Cardio-Pulmonary Resuscitation (CPR) – Emergency Care. Nurse’s Responsibility and Care.
AUTHOR : R A SOMA SANTRA
NURSE’S RESPONSIBILITY IN THE CARDIOPULMONARY RESUSCITATION
Because of an emergency no time is lost to initiate cardio-pulmonary resuscitation procedures. The success of the CPR depends on the speed with which basic life supporting measures are effectively initiated. Rapidly determine the presence of cardio-pulmonary arrest in the patient by noting the three cardinal signs and symptoms such as apnoea, absence of carotid and femoral pulse and dilated pupils. Call loudly for help as soon as you confirm or have strong suspicion of respiratory or cardiac failure.
Preparation of the Equipment
No equipment is absolutely necessary for effective performance of cardio-pulmonary resuscitation. But the following equipments may be helpful if they are at hand. They may be kept ready where there are easily available round the clock e.g. in the intensive care unit. Remember, that waiting for some equipments (e.g. ambu bag) wastes valuable time.
1. Oxygen administration sets.
2. I.V. infusion sets and cut down sets.
3. Ambu bag and mask devices.
4. Endotracheal tubes of different sizes.
5. Oropharyngeal and nasal airways.
6. Laryngoscope of different sizes.
7. Tracheostomy sets.
8. Suction apparatus.
9. Cardiac monitor and defribrillator.
10. Mechanical respiratory aids.
11. Emergency drugs such as epinephrine, sodium bicarbonate, cardiac and respiratory stimulants etc.
12. Clean rag pieces or gauze pieces in containers.
To maintain the airway clear
1. Clear the airway of obvious foreign matter, e.g. vomitus secretions etc.
Reason: clearing of airway obstruction may restore the spontaneous respiration and circulation.
2. Hyperextend the head and neck of the patient by tilting it backward as far as possible.
Reason: keeping the head and neck in a hyper-extended position prevent the tongue falling back and obstructing the airway.
3. Pull the victim’s jaw forward by placing the fingers behind the angle of the jaw and is lifted forward until the teeth on the upper jaw and the lower jaw are approximated.
Reason: helps to keep the airway open and prevents falling back of the tongue.
4. With the above steps, if breathing is restored, place an oro-pharyngeal airway. If breathing is not restored start artificial ventilation.
Reason: placing an oropharyngeal airway helps to keep the airway patent. It also prevents biting of the tongue, should be patient develops a fit.
To initiate breathing (mouth to mouth breathing)
1. Maintain the position of the head as discussed.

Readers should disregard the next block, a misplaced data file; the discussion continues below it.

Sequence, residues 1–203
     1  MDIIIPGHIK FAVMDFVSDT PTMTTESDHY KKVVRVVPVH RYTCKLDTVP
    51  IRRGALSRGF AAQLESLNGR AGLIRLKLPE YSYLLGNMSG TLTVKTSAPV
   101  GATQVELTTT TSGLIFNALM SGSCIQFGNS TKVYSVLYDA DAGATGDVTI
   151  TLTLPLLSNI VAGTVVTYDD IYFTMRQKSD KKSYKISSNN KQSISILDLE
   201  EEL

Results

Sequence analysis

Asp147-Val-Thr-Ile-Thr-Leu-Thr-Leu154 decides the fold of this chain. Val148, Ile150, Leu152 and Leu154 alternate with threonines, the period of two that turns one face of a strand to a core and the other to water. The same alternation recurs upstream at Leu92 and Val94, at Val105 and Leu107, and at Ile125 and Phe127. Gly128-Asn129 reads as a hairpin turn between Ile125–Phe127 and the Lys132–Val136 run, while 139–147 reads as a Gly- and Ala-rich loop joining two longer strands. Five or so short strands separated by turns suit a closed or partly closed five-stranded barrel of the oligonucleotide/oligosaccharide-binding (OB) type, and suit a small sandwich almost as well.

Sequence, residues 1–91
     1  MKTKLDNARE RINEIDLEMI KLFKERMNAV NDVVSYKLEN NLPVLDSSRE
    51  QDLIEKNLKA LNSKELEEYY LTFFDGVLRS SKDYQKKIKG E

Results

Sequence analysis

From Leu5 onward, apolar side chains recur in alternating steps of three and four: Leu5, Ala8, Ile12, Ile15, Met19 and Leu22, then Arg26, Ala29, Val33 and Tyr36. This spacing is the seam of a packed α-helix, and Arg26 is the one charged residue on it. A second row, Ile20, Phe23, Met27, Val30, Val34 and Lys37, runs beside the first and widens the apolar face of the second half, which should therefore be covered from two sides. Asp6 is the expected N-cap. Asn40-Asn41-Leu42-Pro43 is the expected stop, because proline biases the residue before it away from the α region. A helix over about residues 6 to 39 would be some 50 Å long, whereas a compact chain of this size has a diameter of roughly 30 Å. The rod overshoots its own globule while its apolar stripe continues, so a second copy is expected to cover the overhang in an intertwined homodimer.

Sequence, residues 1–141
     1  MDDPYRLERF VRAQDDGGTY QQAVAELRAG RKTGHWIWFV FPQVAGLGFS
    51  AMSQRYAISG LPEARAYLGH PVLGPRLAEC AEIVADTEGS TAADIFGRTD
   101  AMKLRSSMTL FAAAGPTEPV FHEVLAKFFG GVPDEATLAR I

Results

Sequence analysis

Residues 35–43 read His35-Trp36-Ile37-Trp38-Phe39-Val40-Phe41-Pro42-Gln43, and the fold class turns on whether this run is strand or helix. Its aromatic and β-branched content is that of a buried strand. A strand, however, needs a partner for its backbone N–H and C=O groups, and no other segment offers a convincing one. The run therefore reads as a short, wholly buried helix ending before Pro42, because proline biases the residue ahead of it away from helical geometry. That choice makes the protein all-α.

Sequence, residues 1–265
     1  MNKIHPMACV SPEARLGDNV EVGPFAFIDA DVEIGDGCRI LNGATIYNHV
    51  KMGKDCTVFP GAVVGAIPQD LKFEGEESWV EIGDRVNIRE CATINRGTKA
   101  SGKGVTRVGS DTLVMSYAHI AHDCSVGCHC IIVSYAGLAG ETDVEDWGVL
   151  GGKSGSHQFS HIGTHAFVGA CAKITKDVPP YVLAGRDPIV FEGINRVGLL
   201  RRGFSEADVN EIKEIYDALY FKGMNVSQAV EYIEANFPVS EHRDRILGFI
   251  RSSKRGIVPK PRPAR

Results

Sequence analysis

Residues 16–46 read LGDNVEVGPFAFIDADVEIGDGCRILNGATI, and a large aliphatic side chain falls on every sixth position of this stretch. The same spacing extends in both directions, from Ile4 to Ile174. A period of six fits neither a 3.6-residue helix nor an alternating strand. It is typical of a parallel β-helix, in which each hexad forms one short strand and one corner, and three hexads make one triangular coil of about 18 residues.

Reason: to keep the airways clear.
2. Punch the patient’s nostrils closed, using an index finger and thumb of the hand near the patient’s face. Take a deep breath, place your widely opened mouth over the patient’s mouth and blow forcefully enough to make the patient’s chest rise. Turn the face towards the patient’s chest to observe its expansion.
Reason: closing the nostrils with fingers and enclosing the patient’s mouth into the rescuer’s mouth ensures air-tight seal. The expansion of the chest ensures ventilation of the lungs. In children, the rescuer’s mouth is placed over the mouth and nose.
3. After each inflation move your mouth away from the patient’s mouth.
Reason: to allow air to escape when the patient exhales and for you to inhale.
4. Repeat inflation 12 to 20 times per minute at the rate of one inflation every three to five seconds, until the patient breathes spontaneously. In children, less volume of air is introduced, but they are given about 20 or 30 times per minute.
Reason: the inflation of the lungs should correspond to the normal respiration.
5. If cardiac massage is to be given, the artificial breathing should be carried at a rate of 5:1 or 15:2 i.e. one inflation after every 5 cardiac massage when there are two rescuers or two inflations after every 15 cardiac massage when there is only one rescuer.
Reason: as the inflations of the lungs should correspond to the respiration, the cardiac massage should correspond to the pulse rate.
To maintain circulation.
1. Begin external cardiac compression immediately following initial four rapid breaths.
Reason: tissue hypoxia will cause irreversible brain damage if an adequate circulation is not restored within 3 to 4 minutes. An artificial circulation is possible because the heart lies between the sternum and the vertebrae. Pressure on the sternum squeezes the heart against the spine, forcing blood out of the heart into the aorta, thus initiating the circulation.
2. Position the patient on his back on a flat, firm surface.
Reason: if the bed is sagging, it is difficult to evaluate the amount of sternal pressure exerted during each compression.